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Jackson v. Board of Review

OPINION FILED FEBRUARY 22, 1985.

MARY JACKSON, APPELLEE,

v.

THE BOARD OF REVIEW OF THE DEPARTMENT OF LABOR ET AL., APPELLANTS.



Appeal from the Appellate Court for the First District; heard in that court on appeal from the Circuit Court of Cook County, the Hon. Arthur L. Dunne, Judge, presiding.

JUSTICE RYAN DELIVERED THE OPINION OF THE COURT:

Rehearing denied March 29, 1985.

Plaintiff, Mary Jackson, had been employed as a janitor by Commonwealth Edison Company since 1966. Her work hours were from 5 p.m. to 1 a.m. On May 5, 1982, she was discharged for drinking intoxicating liquor on the job. She filed a claim for unemployment compensation, which was denied by a claims adjudicator. Plaintiff appealed this denial, and a hearing was held before a referee, who affirmed the claims adjudicator's decision and held that the plaintiff was disqualified for benefits. This decision was appealed by the plaintiff to the Board of Review of the Department of Labor, which affirmed the decision of the referee. Plaintiff then filed her complaint in the circuit court of Cook County under the Code of Civil Procedure (Ill. Rev. Stat. 1981, ch. 110, par. 3-101 et seq.) (the Administrative Review Law). The circuit court reversed the decision of the Board of Review. On appeal, the appellate court affirmed. (121 Ill. App.3d 963.) We granted the Board of Review's petition for leave to appeal.

The hearing before the referee was conducted in a very informal manner. Neither the plaintiff nor her employer was represented by counsel. The referee conducted the hearing, asking questions of the employer's representatives and of the plaintiff alternatively. Two persons were present representing the employer: Dorothy Paige, Supervisor of Industrial Relations, and William Allen, a staff assistant in the office building. The record of this informal interrogation disclosed the following. On the day plaintiff was terminated, an assistant supervisor named Myra found her at 7 p.m. with a half can of beer and a half bottle of vodka. Myra called a supervisor named Stanley, who told plaintiff he had no alternative but to terminate her employment because she had been warned about a week before by Maggie Ritchie, another supervisor, about drinking on the job. Shortly before Ritchie had talked to the plaintiff, Allen had also spoken to her about her drinking problem. She was told that if she was caught drinking, her employment would be terminated. For about a year before plaintiff's termination, Allen had been aware that plaintiff had been drinking on the job, but because of her years of service, she had been given warnings but had not been disciplined. Her immediate supervisor, Stanley, had given an informal report or memorandum to Allen. This document was not introduced into evidence, but it was referred to at length by the referee, who quoted from its contents in asking questions. The referee referred to specific entries on this memorandum. Although he stated the month and day the entries referred to, he did not state the year and, apparently, did not refer to these entries in chronological sequence. The memorandum stated that on February 10, the plaintiff was asleep in a chair with a beer can on the table. Stanley awakened her and told her to go home. The report stated there was "no sense discussing the situation at the moment. She was tipsy. We discussed the matter the next day." The report stated on April 6, "Found Mary in room 633 eating lunch drinking beer. Told her she was very close to being terminated." Under date of January 20 the report stated, "When I walked in she was sitting at the table with a can of beer in her hand and a six pack on the table."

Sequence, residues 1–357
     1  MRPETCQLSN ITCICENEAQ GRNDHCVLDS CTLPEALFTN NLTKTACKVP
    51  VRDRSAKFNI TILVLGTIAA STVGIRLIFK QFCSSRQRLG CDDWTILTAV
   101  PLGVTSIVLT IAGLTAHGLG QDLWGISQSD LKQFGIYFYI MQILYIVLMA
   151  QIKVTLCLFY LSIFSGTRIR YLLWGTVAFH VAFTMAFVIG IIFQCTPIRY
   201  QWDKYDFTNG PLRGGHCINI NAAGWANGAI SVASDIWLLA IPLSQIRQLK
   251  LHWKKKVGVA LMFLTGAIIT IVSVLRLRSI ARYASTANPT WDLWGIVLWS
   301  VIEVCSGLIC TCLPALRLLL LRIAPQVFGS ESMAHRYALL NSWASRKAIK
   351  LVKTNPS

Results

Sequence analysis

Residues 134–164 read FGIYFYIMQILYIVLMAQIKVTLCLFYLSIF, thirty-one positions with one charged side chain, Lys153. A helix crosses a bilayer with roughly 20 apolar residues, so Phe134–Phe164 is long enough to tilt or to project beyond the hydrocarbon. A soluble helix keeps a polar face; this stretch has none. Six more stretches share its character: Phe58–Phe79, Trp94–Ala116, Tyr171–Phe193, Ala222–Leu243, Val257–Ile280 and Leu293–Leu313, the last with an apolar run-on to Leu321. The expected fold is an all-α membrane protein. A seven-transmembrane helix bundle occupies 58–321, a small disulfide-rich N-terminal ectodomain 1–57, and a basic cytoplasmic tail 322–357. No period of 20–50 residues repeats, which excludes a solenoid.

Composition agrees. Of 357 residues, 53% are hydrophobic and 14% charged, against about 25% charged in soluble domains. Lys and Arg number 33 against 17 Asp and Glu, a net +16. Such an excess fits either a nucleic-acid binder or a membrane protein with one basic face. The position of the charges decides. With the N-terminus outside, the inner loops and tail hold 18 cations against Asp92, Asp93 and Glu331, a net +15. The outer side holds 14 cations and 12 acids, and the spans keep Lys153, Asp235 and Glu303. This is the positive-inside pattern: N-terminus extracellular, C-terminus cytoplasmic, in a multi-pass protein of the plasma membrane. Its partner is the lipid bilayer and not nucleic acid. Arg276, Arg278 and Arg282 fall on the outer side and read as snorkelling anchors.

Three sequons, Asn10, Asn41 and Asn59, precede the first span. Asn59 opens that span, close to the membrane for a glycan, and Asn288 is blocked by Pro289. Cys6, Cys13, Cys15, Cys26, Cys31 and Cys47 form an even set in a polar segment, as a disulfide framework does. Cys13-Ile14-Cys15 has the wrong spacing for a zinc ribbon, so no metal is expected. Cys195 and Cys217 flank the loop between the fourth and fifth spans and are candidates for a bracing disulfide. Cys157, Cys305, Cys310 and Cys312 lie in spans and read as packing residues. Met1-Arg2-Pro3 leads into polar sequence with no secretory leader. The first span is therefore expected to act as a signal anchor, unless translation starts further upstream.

Following her discharge, plaintiff filed a grievance with her union. In her letter to the union, she said she was discharged for drinking a can of beer on the job. At the hearing when she denied she was drinking on the job, the referee pointed out to her that, in her letter to the union, she did not deny the charge or assert that it was untrue.

On May 10, a few days after having been discharged, plaintiff entered a hospital and completed a 28-day treatment program for alcoholism. The employer had an alcoholism program, but plaintiff said that she did not contact a representative of that program before she was discharged. She admitted to the referee that she had had a drinking problem for quite some time.

Allen informed the referee that it is a violation of company policy to drink while on the job. He also stated that he held a meeting of the employees about every six months, at which meeting he informed the employees that "if anyone was caught drinking alcoholic beverages in the building, they would be terminated. No if, and or buts about it." Plaintiff admitted to the referee that she had heard some of these announcements. From the evidence presented to the referee, it appears the plaintiff had not been given a written warning concerning her drinking on the job, but there is evidence that she had been verbally warned on several occasions.